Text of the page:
Eight Days in May: The Final Collapse of the Third Reich

Liveright. Sept. 2021. 336p. tr. from German by Jefferson Chase. ISBN 9781631498275. $28.95. HIST
German journalist and historian Ullrich (Hitler: A Biography) examines the chaotic week between Adolf Hitler’s death on April 30, 1945, and Nazi Germany’s Second World War surrender on May 7–8. Ullrich relates that after April 30, admiral Karl Dönitz, Hitler’s successor as head of state, fought on for several days, to enable German soldiers and civilians to escape the invading Soviet army and instead surrender to the Western Allied powers (Britain, France, and the United States). Ullrich provides a sweeping view of Germany’s collapse: he documents the regime’s last-minute power struggles, sexual violence and plundering inflicted by the Soviet army, death marches and massacres of prisoners of war and forced laborers by diehard Nazis, and brutal sieges and battles. Most intriguingly, he recounts the formation of postwar German leadership. Even as the Nazi regime was disintegrating, liberal democratic parties were reemerging in West Germany under the leadership of Konrad Adenauer and Kurt Schumacher. Simultaneously, the Soviet occupation of Berlin permitted the triumphant return of exiled German Communists like Walter Ulbricht. Less magisterial than Ullrich’s two-volume Hitler biography, this slimmer work is still expertly researched and written.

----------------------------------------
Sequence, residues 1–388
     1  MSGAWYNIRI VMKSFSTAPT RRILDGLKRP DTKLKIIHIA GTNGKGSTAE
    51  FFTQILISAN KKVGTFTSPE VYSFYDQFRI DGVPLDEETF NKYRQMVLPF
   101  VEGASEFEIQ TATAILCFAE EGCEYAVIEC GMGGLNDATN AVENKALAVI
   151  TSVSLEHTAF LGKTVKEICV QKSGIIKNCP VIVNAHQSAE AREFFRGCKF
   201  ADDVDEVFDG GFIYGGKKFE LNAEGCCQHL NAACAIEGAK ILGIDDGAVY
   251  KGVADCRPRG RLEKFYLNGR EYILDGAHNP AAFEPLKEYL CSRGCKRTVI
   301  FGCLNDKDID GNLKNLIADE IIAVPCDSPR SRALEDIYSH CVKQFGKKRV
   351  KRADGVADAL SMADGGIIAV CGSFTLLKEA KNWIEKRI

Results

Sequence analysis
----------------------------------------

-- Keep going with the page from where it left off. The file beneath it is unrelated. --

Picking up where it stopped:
VERDICT Ullrich offers little new information or critical insights, but his book delivers to historians of all stripes a lean and perceptive survey of the last week of the Third Reich.
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